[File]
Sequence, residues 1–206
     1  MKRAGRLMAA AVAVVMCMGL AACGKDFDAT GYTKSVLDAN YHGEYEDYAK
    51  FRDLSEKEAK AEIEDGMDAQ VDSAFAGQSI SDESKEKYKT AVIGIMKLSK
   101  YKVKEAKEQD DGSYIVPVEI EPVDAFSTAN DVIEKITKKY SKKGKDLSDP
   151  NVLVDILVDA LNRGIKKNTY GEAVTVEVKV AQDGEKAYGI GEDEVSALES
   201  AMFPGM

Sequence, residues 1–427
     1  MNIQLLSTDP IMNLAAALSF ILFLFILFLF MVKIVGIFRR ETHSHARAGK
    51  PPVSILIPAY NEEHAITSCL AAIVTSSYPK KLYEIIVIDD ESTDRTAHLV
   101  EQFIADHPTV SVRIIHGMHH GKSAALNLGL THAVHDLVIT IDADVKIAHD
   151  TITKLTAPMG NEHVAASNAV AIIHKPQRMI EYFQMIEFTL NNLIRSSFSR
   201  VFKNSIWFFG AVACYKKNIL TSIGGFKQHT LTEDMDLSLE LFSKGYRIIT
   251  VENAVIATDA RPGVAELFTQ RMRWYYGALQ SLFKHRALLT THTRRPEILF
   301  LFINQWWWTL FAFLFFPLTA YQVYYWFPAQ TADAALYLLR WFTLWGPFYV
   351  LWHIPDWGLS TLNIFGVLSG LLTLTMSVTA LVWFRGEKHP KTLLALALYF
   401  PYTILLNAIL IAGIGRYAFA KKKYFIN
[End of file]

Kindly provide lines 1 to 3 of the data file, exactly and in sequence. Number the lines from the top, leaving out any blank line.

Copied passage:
Sequence, residues 1–206
     1  MKRAGRLMAA AVAVVMCMGL AACGKDFDAT GYTKSVLDAN YHGEYEDYAK
    51  FRDLSEKEAK AEIEDGMDAQ VDSAFAGQSI SDESKEKYKT AVIGIMKLSK